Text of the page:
I knew the Church for the reason most Americans do: “Under the Milky Way”. But a whimsical purchase of their preceding album, Heyday, and I was interested in all the rest, too. Most of their early round of albums were re-released domestically with bonus material, but a falling out I saw waaaaay too clearly thanks to Facebook means that’s unlikely to continue, sadly. Gold Afternoon Fix, as the album to come out after the biggest, Starfish (it has that first-mentioned song on it), I found a plain copy of easily forever ago–but their native lands of Australia had the first (liner note-less) “deluxe” release of it, which is unlikely to appear over here. It, like the EP compilation next to it (Sing-Songs…) are pretty expensive as a result, and certainly rare, hence their absence on my shelves. The other two are not entirely rare, but I simply don’t run across. Being as we have EPs (not only the compilation mentioned, but Pangaea is the EP compantion to the album Untitled #23, which contains the otherwise-exclusive 17-minute EP’s closer on its vinyl release) and a “deluxe” release, this is half about having all the releases, and half about having the releases that are harder to find in the first place, and my affection for those non-album tracks, that take the “deep cut” sense of an album and make it even more extreme.

Big Country – Deluxe-ified!

(SteeltownThe CrossingNo Place Like HomeThe SeerPeace in Our Time)

Okay, so, I already have all of these albums, but, these are expanded, 2-disc deluxe editions. Yes! B-sides! Demos! Alternate versions! Big Country are most famous, of course, for “In a Big Country”, their monster hit of bagpipe-guitars and big drums, almost eponymous and opening their debut (The Crossing), but have an unexpected history of a kind–primary songwriter and bagpipey guitarist, Stuart Adamson, was previously in The Skids (who will appear in one of these eventually, too!), a post-punk band that saw the early bits of Stuart’s guitar sound. Also, it’s a part of my weird Scottish music fetish that has existed for a very, very long time (beginning, no doubt, with Mogwai in the early 2000s).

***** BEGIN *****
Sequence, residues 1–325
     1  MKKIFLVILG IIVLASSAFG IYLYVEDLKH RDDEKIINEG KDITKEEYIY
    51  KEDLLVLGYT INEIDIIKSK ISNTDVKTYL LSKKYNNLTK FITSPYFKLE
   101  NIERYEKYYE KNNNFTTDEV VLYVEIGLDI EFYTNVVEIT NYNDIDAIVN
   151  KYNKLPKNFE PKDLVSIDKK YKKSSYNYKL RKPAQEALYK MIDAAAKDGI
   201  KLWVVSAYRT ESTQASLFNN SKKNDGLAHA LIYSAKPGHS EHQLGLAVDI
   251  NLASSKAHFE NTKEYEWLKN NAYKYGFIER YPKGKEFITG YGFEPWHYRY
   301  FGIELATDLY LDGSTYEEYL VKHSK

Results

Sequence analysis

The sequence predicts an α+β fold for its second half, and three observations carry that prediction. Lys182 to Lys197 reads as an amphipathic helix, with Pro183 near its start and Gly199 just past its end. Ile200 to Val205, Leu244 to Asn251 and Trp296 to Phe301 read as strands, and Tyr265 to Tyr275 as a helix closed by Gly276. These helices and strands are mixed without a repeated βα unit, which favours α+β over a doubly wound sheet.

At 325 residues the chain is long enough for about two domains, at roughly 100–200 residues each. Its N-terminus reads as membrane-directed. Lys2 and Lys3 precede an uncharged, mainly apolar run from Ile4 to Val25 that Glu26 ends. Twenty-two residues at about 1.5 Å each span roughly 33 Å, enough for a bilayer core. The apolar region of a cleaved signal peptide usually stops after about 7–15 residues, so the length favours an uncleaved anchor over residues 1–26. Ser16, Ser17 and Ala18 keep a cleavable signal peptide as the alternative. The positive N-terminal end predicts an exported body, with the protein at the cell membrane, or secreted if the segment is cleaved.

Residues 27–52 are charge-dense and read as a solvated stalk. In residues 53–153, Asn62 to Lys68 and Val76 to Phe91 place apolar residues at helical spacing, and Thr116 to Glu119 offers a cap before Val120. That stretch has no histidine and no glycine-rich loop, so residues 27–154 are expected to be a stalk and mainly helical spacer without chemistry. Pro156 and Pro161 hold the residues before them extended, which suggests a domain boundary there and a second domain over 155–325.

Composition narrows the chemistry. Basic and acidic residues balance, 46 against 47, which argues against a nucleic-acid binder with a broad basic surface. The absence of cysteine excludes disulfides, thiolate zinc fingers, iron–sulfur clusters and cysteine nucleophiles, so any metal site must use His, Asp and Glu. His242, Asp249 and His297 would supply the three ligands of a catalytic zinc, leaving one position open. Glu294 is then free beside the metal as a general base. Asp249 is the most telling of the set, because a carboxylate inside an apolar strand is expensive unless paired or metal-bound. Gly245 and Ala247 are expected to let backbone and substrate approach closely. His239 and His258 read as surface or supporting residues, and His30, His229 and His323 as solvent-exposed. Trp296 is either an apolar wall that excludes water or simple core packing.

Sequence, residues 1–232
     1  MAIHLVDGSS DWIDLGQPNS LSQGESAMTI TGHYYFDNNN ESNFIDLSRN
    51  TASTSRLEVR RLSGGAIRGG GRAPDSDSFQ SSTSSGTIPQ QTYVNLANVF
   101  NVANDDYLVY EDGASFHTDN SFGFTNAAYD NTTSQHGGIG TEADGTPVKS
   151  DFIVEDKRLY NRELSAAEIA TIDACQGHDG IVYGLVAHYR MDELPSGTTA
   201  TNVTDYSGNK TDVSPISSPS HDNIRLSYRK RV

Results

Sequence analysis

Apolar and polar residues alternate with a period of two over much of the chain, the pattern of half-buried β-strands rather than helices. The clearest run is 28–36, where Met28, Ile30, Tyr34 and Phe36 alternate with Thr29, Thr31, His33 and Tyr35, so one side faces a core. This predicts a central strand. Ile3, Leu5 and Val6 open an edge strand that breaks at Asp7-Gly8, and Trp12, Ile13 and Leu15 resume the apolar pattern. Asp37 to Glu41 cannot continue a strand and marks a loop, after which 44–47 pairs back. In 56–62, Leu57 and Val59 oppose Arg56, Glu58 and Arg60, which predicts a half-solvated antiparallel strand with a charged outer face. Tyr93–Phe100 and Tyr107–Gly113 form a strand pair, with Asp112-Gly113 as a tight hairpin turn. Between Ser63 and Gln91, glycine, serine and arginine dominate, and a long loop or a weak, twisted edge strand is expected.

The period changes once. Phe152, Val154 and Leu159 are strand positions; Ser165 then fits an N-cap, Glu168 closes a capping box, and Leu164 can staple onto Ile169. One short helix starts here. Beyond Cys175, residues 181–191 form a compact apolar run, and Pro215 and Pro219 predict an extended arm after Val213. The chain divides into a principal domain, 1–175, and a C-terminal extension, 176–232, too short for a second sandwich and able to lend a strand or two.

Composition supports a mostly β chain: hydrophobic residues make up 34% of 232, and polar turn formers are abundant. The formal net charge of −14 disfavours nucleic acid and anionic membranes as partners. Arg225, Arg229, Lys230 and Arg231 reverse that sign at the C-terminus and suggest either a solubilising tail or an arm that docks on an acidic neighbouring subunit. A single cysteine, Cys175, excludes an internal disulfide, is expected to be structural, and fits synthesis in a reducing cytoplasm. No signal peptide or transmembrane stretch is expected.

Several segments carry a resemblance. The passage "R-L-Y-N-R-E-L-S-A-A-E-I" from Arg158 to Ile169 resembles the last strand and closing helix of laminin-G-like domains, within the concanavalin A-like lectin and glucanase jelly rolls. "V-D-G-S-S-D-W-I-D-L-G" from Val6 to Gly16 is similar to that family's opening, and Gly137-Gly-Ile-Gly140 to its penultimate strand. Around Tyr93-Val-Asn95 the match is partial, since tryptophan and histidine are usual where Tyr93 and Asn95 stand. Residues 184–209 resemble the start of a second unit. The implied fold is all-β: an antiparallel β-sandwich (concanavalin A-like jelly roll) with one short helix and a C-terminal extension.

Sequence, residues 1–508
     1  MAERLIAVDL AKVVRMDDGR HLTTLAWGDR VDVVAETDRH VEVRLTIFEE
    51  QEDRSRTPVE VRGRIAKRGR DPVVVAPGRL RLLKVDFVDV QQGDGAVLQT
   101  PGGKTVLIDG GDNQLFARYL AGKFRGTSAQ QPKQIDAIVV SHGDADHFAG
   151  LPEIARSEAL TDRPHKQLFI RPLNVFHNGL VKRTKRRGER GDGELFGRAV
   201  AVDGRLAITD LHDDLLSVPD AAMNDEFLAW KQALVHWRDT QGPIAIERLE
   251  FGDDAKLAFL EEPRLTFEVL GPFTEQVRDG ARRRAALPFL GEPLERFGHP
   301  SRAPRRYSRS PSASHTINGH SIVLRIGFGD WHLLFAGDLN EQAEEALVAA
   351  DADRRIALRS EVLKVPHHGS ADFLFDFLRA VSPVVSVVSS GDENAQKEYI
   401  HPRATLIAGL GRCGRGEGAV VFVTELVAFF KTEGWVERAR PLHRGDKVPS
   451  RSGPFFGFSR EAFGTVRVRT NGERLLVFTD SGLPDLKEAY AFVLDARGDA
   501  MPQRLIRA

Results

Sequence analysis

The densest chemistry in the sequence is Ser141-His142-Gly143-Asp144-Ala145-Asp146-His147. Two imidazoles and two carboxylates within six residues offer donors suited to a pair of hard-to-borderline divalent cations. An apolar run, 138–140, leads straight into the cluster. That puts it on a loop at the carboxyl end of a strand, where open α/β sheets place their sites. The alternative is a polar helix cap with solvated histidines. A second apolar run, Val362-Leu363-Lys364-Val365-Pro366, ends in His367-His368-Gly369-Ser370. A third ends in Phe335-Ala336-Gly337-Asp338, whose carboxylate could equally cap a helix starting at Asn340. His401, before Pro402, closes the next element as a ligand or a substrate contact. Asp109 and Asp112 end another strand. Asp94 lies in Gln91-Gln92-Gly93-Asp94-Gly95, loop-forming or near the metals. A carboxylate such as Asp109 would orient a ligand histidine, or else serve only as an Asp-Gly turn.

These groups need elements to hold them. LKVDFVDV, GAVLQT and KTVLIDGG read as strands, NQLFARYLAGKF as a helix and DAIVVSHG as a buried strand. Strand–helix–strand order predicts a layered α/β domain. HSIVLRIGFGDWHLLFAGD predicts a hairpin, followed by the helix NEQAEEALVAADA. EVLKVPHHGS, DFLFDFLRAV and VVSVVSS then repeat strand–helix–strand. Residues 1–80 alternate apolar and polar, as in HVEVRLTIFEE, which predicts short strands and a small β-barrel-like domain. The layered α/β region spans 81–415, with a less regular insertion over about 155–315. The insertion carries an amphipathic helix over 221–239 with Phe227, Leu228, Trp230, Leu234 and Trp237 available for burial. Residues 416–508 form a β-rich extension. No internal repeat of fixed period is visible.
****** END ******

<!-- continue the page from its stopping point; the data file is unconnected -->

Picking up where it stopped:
INXS – Expanded!

(Kick [25th anniversary], X [Expanded], Welcome to Wherever You Are [Expanded])

My love of INXS couldn’t be considered a secret by anyone. Some are still surprised, sure, but I think that’s on them at this point. Frustratingly, they’ve never done a comprehensive or meaningful re-release of most of their material. And there are b-sides for days! My copy of, say, “Every Day But Sunday” (from the 1983 Dance EP) is a pretty terrible vinyl rip. The first two albums (INXS and Underneath The Colours) got a nice re-release (which I have!) but everything after that, from Shabooh Shoobah through Elegantly Wasted has received pretty minimal attention. Kick there is the only one that does what I want: all the b-sides and stuff! And even more! The others have 3-5 (…tops) bonus tracks, and often neglect the unique b-sides, for reasons I can’t fathom. As a result, Kick 25 is pretty overpriced in its 3 CD/1 DVD “Super Deluxe” form, and the other two are pretty bare-bones for expansions. Ho-hum. Maybe one day.
(Probably not, as we approach the end of physical releases faster and faster)

Madness – More Fanciness!

(One Step Beyond7)

I guess it’s just another chunk of my fetishization of just-under-the-biggest pop bands from the late 70s and 80s, being as “Our House”, if nothing else, was nothing short of monstrous, but Madness were pretty well thought of quite beyond that anyway, and I’m curious. Give me–as these are–deluxe editions and my curiosity is not only piqued, but pretty much peaks, too. The second wave of ska I find significantly more listenable than the monotony of most third wave. Deliberate horizon-expansion, this. I have the rest of these re-releases already, actually.

Honourable Mention

(All This Useless Beauty [2-disc], Split Enz – [Various])

Wasn’t sure how else to group these, so, whatever!
This is one of the only not-incredibly-recent Elvis Costello expanded releases I don’t have. I’m honestly not even sure at this point whether it was a “deluxe at time of release” or re-release. I’m obviously not that invested, but I feel like I should complete the set, you know?
Split Enz–ahhh, “Hard Act to Follow”, what a damn fine song. I have a handful of the expanded releases from the box set pictured, and haven’t gotten around to removing it in favour of “whatever is in it that I don’t already have”, so, oops. I have, for the record, Corroboree/WaiataDizrhythmiaConflicting EmotionsMental Notes, See Ya ‘Round and the Rootin’ Tootin’ Luton Tapes. I don’t know what the other five albums are off the top of my head, I’m afraid. Oh well, let’s see: they’re The Beginning of the EnzSecond Thoughts, FrenzyTrue Colours, and Time & Tide.